US wind prices hit $20/MWh; Deepwater bids 144 MW offshore wind-battery project

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US wind prices drop to $20/MWh to threaten gas plant advantage

The U.S. average long-term offtake price for new wind projects fell to around $20/MWh in 2016, driven by technology advancements and cost reductions, according to a new report by the Department of Energy (DOE) in collaboration with the Lawrence Berkeley National Laboratory.

The sample pool used for the '2016 Wind Technologies Market Report' was dominated by projects situated in the lowest-price regions in central U.S. but recently-signed wind power contracts "compare favorably to projections of the fuel costs of gas-fired generation," the report said. Low wind offtake prices have spurred demand from traditional utilities as well as corporate clients and government institutions, it noted.

The average installed cost of U.S. wind projects was $1,590/kW in 2016, some 33% lower than costs in 2009-2010, according to the report. Wind turbine equipment prices were in the range of $800–$1,100/kW in 2016, it said.

              US installed wind power costs
                               (Click image to enlarge)

Source: US Energy Information Administration, Berkeley Lab.

The average generating capacity of U.S. wind turbines installed in 2016 was 2.15 MW, some 11% higher than the average over the previous five years, according to the data.

The average rotor diameter was 108 meters, up by 13% from the previous five-year average.

"Moreover, turbines originally designed for lower wind speeds are now regularly deployed in higher wind speed sites, boosting project performance. Increased rotor diameters, in particular, have begun to dramatically increase wind project capacity factors," the report said.

The average capacity factor for projects built in 2014 and 2015 was 42.6% in 2016, it said.

                        US 2016 capacity factors by project vintage
                                                            (Click image to enlarge)

Source: Berkeley Lab.

US offshore wind project pipeline estimated at 24.1 GW as costs plummet

The U.S. offshore wind project pipeline is estimated at 24.1 GW and developers hold exclusive site concessions for 14.8 GW of projects, according to the Department of Energy's 2016 Offshore Wind Technologies Market Report, published this month.

"After years of regulatory planning and leasing, confidence in the nascent U.S. offshore wind market has increased as the result of declining offshore wind costs globally, continued supply chain development, and higher levels of activity in supportive domestic state policy," the report said.

In December 2016, Deepwater Wind commissioned the U.S.' first commercial offshore wind farm off Rhode Island.

The 30 MW Block Island project is comprised of five 6 MW turbines manufactured by General Electric (formerly Alstom Wind Power).

                                     US offshore wind projects

                                                         (Click image to enlarge) 

Source: National Renewable Energy Laboratory (NREL).

"U.S. industry activity is accelerating, emboldened not only by the first wind farm off Block Island, but by the assertive presence in the U.S. of well-capitalized and experienced offshore wind developers (e.g., DONG Energy, Statoil ASA, Iberdrola), and the rapid decline in European offshore wind auction strike prices approaching a market competitive range," the DOE said in its report.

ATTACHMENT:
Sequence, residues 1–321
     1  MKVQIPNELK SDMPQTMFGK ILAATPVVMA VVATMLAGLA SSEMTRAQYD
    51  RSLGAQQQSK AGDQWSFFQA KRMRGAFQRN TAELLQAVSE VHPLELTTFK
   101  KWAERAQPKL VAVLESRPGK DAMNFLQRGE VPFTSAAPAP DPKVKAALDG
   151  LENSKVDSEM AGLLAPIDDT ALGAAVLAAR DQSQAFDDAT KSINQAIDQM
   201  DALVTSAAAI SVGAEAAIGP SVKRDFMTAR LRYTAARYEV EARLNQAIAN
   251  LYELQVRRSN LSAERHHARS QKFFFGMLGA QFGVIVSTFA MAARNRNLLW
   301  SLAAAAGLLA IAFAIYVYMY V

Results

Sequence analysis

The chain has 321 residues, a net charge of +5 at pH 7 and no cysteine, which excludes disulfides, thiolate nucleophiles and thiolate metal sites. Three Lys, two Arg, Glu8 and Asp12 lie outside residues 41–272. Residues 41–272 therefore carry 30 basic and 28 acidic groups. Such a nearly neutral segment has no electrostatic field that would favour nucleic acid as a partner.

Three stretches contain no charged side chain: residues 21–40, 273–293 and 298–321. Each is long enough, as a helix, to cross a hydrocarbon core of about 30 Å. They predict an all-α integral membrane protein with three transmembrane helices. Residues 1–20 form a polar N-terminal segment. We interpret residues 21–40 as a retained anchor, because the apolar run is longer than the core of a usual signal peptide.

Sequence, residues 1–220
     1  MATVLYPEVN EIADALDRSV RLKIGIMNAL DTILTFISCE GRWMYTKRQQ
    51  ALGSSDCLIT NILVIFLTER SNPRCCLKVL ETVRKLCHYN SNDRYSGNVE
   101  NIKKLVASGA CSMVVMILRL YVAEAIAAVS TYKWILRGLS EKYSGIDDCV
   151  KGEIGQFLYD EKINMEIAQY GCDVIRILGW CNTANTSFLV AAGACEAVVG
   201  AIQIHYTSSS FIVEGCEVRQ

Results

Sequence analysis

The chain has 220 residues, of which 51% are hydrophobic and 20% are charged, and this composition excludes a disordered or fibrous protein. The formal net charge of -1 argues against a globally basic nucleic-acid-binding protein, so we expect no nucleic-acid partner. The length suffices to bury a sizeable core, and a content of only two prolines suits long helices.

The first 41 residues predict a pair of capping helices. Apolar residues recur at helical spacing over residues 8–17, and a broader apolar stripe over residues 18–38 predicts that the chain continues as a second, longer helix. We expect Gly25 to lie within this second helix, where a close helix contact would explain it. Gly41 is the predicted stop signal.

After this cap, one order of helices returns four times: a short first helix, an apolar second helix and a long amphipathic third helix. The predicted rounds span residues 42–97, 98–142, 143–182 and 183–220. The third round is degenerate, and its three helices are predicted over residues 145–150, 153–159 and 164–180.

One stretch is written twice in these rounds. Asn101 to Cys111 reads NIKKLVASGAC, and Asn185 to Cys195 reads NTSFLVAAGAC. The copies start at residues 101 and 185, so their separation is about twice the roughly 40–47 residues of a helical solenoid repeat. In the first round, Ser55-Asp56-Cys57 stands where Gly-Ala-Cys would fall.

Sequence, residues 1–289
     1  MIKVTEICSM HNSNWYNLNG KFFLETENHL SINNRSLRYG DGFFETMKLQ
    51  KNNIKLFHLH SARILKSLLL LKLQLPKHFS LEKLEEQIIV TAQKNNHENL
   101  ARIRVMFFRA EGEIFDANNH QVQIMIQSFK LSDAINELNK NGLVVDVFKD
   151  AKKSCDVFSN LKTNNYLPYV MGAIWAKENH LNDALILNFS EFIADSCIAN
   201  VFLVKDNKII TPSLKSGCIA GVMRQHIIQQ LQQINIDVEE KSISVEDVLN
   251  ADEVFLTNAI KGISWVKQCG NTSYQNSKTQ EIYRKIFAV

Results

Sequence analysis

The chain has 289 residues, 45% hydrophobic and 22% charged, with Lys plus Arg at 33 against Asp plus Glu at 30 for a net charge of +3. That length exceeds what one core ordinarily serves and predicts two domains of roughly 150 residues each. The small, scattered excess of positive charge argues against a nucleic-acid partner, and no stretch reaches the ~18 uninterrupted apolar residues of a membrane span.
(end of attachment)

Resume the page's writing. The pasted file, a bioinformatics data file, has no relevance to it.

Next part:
Global offshore wind market to double by 2020; China to lead growth

The global offshore wind market will almost double by 2020 to 34 GW and installed capacity in China will surpass the UK in 2022, according to the latest projections from Bloomberg New Energy Finance (BNEF).

BNEF predicts the global offshore wind market will grow at a compound annual growth rate of 19% between 2017-25, reaching a cumulative capacity of 71 GW in 2025.

                      Global offshore installed capacity forecast

Note: ‘Other’ includes Finland, France, Ireland, Italy, Japan, Korea, Taiwan, U.S., Norway, Portugal, and Sweden. Source: BNEF

European offshore wind turbine companies are seeking routes to China's fast-growing offshore wind market, BNEF analysts said in a statement.

"Dong Energy and Macquarie Group currently own stakes in projects in Taiwan. MHI Vestas Offshore Wind is opening a regional office in Japan. They expect these bases to make the leap into China a little easier," the analysts said.

US' Deepwater Wind proposes world’s largest offshore wind farm with storage

Deepwater Wind plans to build a 144 MW wind farm in Massachusetts waters paired with a 40 MWh Tesla battery storage system, Deepwater Wind announced July 31.

The 'Revolution Wind' project would be situated within Deepwater Wind's lease site off the coast of Massachusetts and completed by 2023. In total, the lease site has the potential to host 2 GW of projects and Deepwater Wind already plans to build the 90 MW South Fork Wind Farm within the site, exporting power to Long Island.

The Revolution Wind project bid is a response to a request for proposals from regional municipalities for low carbon energy supply. The projects must be able to deliver power to customers in winter afternoons and evenings. Massachusetts is expected to award contracts in December.

Deepwater Wind has also submitted alternative bids for a larger 288 MW version of the Revolution Wind project and a smaller 96 MW version, the company said in a statement.

“We can build a larger project if other New England states want to participate now or we can start smaller to fit into the region’s near-term energy gaps. And our pricing at any size will be very competitive with the alternatives," Jeff Grybowski, CEO of Deepwater Wind, said.

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